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Concrete: The Human Dilemma #4 (of 6)

I know this project has been in development for half a decade, but I’m curious about the actual production schedule. This and last issue have covers dating from 2002. Issue #1’s cover was finished in 2001. I wonder how long the interior art took, or if the covers were created before anything else with beats from the unrefined story already in mind. Certain images from this series have haunted their creator since nearly the beginning: the cover to issue #2 hails from 1989. Perhaps writer/artist Paul Chadwick felt that he’d finally found the proper venue for placing the image in a story? Or did glimpsing that old piece, the air of longing about it, spark something in the creator’s brain?

This is a nice issue. This is the sort of thing the crew over at “Ex Machina” should be taking notes on; it’s not only a political story but a heavily debate-based political story, yet it largely comes off as natural and organic. Last issue also seemed natural enough in execution, though it was nearly overwhelmed by non-stop edutainment infobursts of stuff and stuff and stuff. This time around it surely helps that Chadwick is just as interested in the procedures behind big media debate as he is in the substantive issues under discussion. It’s not a perfect issue (which becomes particularly apparent when Chadwick turns his gaze away from the politics), but it’s a fun one.

Concrete is still bringing the message of paid sterilization to The People, but things are starting to go wrong. Many parties obstinately on his ‘side’ of the debate see the execution of the plan he’s selling as silly or counterproductive. Well-meaning (or purely mercenary) entertainers can’t help but constantly poke fun at the large, obvious, loud, constant target that old Conc has become, a big rocky Michael Moore of overpopulation. And such characteristics naturally make the former Ron Lithgow a perfect focusing nemesis for a content-craving conservative media; Concrete makes the outstanding miscalculation of allowing a stonewalling talk show host to drag out the fact that he’s pro-choice (first two trimesters only, as if that’s worth anything in a debate) and verily the grandstanding and bandwagon-hopping begins in earnest, climaxing with Ann Coulter calling for no less than Our Hero’s death, her televised face reflected in the glasses of that obsessive fellow we’ve been occasionally peeking in on throughout the miniseries. “Hmm,” he murmurs, probably putting too much exclamation onto Chadwick’s observations of news-as-entertainment. But when Conc pontificates on the superiority of Michael Medved over Rush Limbaugh as a hostile audience, or when Maureen delivers a flawless reaction to David Letterman’s special brand of humor (“That’s funny. Kind of.”), one is prone to forgive an overuse of boldface. At least in that area.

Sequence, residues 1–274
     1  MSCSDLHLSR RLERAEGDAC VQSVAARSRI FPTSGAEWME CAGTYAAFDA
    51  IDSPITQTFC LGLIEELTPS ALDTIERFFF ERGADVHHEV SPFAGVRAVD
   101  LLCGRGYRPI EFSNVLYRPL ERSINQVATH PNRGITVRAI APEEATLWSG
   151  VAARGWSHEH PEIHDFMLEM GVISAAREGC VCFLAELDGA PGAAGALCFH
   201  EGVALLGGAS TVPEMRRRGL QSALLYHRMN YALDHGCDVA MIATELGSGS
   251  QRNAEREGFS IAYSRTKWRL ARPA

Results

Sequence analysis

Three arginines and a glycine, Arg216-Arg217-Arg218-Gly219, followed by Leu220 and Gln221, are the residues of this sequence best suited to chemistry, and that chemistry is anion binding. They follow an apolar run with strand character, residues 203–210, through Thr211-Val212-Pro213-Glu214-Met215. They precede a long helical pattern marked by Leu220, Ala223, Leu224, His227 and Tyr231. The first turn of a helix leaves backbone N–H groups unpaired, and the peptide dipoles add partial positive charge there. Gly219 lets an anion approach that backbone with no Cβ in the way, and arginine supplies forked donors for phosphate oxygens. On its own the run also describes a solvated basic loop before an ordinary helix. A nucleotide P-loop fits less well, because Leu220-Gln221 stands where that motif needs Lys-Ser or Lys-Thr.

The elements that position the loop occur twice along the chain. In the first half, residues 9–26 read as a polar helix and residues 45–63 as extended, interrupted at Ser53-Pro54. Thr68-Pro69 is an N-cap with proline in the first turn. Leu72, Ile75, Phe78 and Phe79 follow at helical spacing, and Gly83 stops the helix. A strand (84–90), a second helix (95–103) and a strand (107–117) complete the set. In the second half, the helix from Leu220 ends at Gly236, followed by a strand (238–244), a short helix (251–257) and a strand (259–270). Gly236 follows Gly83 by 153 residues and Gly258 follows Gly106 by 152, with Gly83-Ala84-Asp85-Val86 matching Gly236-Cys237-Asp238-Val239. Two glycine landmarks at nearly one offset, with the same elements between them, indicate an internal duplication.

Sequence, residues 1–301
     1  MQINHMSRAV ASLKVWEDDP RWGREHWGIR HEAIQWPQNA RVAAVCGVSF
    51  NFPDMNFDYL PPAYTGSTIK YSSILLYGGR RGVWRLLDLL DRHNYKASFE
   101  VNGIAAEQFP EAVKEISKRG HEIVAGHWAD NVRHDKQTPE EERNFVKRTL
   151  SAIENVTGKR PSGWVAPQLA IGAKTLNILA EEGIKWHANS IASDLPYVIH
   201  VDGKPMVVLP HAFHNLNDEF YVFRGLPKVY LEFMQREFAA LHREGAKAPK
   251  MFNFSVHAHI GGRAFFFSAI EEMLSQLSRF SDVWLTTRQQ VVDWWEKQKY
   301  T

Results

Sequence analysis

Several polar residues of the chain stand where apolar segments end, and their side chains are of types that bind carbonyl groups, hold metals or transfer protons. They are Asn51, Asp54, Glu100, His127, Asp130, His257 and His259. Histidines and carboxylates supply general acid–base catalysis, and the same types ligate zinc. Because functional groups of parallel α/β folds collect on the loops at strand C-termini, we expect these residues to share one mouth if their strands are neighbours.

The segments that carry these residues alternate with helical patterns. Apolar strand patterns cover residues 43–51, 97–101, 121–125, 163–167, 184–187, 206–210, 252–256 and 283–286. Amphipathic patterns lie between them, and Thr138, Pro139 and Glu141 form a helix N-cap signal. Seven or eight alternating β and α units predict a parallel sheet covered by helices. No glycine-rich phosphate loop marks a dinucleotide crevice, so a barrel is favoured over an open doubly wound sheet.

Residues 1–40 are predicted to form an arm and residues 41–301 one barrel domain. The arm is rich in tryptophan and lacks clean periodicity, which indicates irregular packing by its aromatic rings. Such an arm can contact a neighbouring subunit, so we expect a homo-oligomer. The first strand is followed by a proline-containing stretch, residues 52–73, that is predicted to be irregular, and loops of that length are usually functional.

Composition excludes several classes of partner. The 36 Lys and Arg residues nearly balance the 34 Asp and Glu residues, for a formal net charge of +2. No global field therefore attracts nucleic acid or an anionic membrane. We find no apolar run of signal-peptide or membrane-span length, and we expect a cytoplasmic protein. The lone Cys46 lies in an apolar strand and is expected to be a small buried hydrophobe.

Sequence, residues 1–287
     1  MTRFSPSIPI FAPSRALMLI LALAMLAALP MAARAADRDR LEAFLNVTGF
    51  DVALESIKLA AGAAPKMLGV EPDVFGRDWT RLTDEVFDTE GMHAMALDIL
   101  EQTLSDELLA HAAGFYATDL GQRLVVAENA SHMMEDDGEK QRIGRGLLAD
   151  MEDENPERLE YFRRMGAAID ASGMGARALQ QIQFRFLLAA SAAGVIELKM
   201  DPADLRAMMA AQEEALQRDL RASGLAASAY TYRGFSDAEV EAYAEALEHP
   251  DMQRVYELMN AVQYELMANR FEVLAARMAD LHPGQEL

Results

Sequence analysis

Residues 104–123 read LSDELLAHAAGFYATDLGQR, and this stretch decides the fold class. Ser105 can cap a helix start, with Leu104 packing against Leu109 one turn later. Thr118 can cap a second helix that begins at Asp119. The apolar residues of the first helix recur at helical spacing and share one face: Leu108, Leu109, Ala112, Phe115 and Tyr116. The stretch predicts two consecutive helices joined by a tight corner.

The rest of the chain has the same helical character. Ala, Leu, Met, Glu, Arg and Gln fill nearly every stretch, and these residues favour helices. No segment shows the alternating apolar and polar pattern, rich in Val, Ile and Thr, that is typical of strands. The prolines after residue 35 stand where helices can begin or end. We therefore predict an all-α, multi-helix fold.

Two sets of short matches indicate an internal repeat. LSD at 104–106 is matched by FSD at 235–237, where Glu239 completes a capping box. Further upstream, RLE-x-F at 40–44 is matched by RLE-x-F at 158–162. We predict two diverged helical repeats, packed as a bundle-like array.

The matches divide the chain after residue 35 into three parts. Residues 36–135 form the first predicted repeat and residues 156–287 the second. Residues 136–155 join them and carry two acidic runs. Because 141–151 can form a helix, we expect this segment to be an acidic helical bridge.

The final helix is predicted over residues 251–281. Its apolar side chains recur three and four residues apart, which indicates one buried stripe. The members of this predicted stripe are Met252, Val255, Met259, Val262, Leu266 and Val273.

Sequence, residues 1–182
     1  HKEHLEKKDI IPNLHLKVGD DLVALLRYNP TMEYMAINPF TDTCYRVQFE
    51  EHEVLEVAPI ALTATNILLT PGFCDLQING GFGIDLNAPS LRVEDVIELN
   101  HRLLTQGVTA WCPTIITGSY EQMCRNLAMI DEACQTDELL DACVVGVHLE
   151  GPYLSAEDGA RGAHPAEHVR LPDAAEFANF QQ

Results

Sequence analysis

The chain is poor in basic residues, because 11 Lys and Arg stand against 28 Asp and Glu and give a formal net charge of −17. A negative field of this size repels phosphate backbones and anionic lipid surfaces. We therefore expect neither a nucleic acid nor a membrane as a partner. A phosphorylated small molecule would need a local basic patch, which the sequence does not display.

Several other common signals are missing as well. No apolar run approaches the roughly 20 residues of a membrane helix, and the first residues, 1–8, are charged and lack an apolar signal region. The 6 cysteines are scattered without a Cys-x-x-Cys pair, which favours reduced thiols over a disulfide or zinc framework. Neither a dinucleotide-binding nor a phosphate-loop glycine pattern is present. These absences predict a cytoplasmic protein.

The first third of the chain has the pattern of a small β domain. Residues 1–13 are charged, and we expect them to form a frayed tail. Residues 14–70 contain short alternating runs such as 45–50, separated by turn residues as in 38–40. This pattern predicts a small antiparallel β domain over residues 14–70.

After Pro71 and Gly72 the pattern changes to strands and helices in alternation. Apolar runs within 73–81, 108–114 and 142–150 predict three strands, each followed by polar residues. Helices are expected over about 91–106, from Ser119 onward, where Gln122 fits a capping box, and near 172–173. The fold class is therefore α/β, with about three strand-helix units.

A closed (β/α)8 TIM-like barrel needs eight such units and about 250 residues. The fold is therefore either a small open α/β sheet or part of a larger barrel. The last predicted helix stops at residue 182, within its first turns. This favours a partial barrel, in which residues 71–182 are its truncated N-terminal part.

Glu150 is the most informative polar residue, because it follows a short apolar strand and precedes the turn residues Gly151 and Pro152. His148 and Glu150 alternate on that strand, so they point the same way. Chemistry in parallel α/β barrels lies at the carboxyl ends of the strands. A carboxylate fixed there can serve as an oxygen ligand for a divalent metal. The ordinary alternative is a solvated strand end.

The rest of the issue doesn’t fare quite as well, as Larry’s personal life (and the book’s script) dives into some extra soapy waters, complete with such Daytime Emmy dialogue as “I want to be all of them for you. Your muse, your confidant, your Madonna, your whore,” or the Cinemax-after-11:00 PM-worthy “I can’t wait for that. I need you in me,” or even the beloved “Don’t thank me. Take me.” And that’s all before the big ‘coitus interruptus via answering-machine bombshell’ finale. Given the care Chadwick lavishes on the nitty-gritty of argumentative distortion, perhaps the melodrama as presented in these intimate character moments is more pungent than it otherwise could be in a less grounded story (this all despite the towering man of stone in the lead role).

But fizzy or canny or otherwise, it all looks gorgeous. Chadwick knows exactly how to use the page, covering sudden scene-shifts with grace and the utmost in clarity, attractively conveying feeling through total page design (witness the teeny panel of Concrete laying in the back of his truck pasted in the center of a wide overhead map of the city), and even busting out some fancy visual tricks with genuine utility: we occasionally get X-Ray glimpses literally beneath characters’ skin, visually contrasting the familiar creepiness of the human skeleton with the fantastical innards of Concrete, handily highlighting his separation from his friends and audience, until a last-panel reveal demonstrates that all the technical flair has a more immediate storytelling application as well. And this command of the medium carries Chadwick far, even over the potholes and sudden curves in his narrative.